Version 7 (modified by pjkersha, 12 years ago) (diff)


NDG Security

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Security Layer for OPeNDAP Service

The Sequence Diagram below shows the series of steps for a HTTP client to access a secured OPeNDAP service. The User Agent could be a web browser, wget program or other HTTP client. A scenario is envisaged with a BADC Data Node hosting an OPeNDAP service. The Data Node has security middleware components which front the OPeNDAP application and intercept requests. The component architecture is assumed to be Python based. Components in the web application middleware stack communicate with one another using WSGI.

The User Agent makes a request to the OPeNDAP service. This is intercepted by the Session Handler. This checks with the authorisation handler to see if the requested URI is a secured one. This is the case, so the Session Handler then checks to see if the user has a valid session cookie. The user does not so they are returned a redirect request to redirect them to the Authentication Handler.

The Authentication Handler is hosted on a separate BADC node. (This consists of an OpenID Relying Party interface fronted with a filter to perform SSL client authentication if a client certificate is submitted). The handler receives the request over HTTPS and checks for a client certificate in the SSL handshake. If none is provided, the handler returns a HTTP 401 Unauthorised response but this also contains OpenID Relying Party interface. If the User Agent is a browser, the user can intervene and enter their OpenID URL and proceed with OpenID based sign in. In this case though, on receipt of the HTTP 401 Unauthorised response, the agent re-invokes the URL but this time passing a client certificate. For ESG, to enable compatibility between OpenID and certificate based authentication, the certificate contains the users OpenID URL embedded in a certificate extension. This extension is a SAML assertion.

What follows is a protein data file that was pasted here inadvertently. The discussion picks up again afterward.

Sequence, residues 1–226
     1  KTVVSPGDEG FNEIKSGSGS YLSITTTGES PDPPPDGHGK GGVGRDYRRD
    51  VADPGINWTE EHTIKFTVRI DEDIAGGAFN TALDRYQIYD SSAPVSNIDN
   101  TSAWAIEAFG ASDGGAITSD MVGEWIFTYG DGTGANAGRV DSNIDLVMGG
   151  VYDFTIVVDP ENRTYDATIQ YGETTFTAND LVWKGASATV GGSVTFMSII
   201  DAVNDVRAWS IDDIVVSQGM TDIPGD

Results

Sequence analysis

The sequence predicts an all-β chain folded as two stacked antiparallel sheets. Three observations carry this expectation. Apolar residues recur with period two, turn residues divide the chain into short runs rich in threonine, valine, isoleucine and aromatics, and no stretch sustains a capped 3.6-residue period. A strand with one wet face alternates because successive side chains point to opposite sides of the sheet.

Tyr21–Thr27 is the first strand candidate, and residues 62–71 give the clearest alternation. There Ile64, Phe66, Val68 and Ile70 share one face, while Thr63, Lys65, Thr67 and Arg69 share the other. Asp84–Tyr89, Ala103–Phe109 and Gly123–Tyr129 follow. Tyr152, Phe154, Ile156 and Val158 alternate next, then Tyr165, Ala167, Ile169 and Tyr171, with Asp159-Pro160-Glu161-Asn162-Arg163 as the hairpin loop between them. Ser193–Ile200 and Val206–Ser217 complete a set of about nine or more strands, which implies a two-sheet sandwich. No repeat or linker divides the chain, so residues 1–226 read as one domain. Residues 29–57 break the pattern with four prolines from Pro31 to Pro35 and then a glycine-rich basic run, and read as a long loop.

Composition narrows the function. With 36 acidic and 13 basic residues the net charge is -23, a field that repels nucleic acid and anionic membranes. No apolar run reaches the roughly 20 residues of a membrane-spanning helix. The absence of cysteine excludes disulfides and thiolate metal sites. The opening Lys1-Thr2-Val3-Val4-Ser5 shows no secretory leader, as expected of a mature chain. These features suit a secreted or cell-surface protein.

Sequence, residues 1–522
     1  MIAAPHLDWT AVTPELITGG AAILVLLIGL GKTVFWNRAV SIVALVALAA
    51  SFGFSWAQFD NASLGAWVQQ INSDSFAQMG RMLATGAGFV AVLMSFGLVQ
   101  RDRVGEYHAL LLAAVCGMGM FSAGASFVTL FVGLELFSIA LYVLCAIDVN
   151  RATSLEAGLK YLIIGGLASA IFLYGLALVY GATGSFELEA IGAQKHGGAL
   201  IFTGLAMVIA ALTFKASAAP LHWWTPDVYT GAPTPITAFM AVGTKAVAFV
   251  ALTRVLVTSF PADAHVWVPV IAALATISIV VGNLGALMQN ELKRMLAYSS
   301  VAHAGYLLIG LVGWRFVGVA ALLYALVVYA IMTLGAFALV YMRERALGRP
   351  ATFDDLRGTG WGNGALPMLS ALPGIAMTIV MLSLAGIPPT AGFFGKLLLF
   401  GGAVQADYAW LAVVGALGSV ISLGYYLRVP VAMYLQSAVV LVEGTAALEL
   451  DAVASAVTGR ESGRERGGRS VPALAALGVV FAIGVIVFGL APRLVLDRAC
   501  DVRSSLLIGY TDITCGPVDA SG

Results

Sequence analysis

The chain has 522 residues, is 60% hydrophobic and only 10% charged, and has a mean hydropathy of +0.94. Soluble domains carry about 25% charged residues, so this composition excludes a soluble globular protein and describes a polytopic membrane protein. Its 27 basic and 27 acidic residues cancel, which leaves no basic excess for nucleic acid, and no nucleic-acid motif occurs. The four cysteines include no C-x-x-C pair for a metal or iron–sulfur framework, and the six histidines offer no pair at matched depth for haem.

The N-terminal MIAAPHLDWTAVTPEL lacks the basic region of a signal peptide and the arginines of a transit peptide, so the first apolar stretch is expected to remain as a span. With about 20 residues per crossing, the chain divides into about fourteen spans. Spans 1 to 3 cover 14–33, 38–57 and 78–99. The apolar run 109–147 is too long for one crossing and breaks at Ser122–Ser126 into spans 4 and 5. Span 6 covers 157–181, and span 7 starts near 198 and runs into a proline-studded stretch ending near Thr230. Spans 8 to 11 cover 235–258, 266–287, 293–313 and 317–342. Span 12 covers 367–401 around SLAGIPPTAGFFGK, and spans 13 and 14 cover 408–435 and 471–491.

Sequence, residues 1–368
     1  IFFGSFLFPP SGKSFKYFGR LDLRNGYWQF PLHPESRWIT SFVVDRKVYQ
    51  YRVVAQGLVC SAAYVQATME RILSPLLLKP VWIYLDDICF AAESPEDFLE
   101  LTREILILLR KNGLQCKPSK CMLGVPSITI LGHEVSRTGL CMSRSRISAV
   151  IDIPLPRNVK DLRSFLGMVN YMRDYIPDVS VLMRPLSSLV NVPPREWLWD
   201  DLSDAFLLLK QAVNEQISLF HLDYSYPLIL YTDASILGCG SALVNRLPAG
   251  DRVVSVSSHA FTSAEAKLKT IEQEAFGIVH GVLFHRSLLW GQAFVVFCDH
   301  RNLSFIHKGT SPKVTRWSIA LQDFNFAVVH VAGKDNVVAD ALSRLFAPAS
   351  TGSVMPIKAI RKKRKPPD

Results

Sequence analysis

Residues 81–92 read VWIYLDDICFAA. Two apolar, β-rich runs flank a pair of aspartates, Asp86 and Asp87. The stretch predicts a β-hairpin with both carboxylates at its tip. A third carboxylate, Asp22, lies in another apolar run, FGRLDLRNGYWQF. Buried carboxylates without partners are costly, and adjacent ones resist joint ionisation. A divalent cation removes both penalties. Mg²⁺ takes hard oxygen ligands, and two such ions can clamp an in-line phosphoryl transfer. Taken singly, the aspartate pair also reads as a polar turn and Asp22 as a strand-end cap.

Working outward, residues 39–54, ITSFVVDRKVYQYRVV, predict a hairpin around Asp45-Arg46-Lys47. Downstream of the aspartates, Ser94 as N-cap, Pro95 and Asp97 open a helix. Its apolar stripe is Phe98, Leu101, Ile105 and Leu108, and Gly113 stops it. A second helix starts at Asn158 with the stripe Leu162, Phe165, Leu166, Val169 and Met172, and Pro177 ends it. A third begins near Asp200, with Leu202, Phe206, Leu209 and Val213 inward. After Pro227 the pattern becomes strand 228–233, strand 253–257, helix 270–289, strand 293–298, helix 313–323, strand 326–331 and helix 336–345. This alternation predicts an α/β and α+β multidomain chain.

The Authentication Handler, checks for a client certificate passed, and if present, authenticates based on this certificate. The certificate is accepted and the agent is returned a redirect response containing a session cookie. The agent invokes this redirect back to the original OPeNDAP URI it requested. This time, the Session Handler receives the request and finds a session cookie confirming the user has previously authenticated. It then passes the request to the Authorisation Handler.

The Authorisation Handler checks the security policy for the OPeNDAP service to find out which attributes constrain access and which Attribute Service to query to pull user attribute information. The Attribute Service, in this example is one hosted at PCMDI since the data is secured with an AR5 archive attribute. The service is queried passing the users OpenID URL. It returns a response asserting that this user has the AR5 archive attribute. The Authorisation Handler makes an authorisation decision authorising the user to access the requested OPeNDAP URI. It allows the user request through to the OPeNDAP application. This returns a response to the user.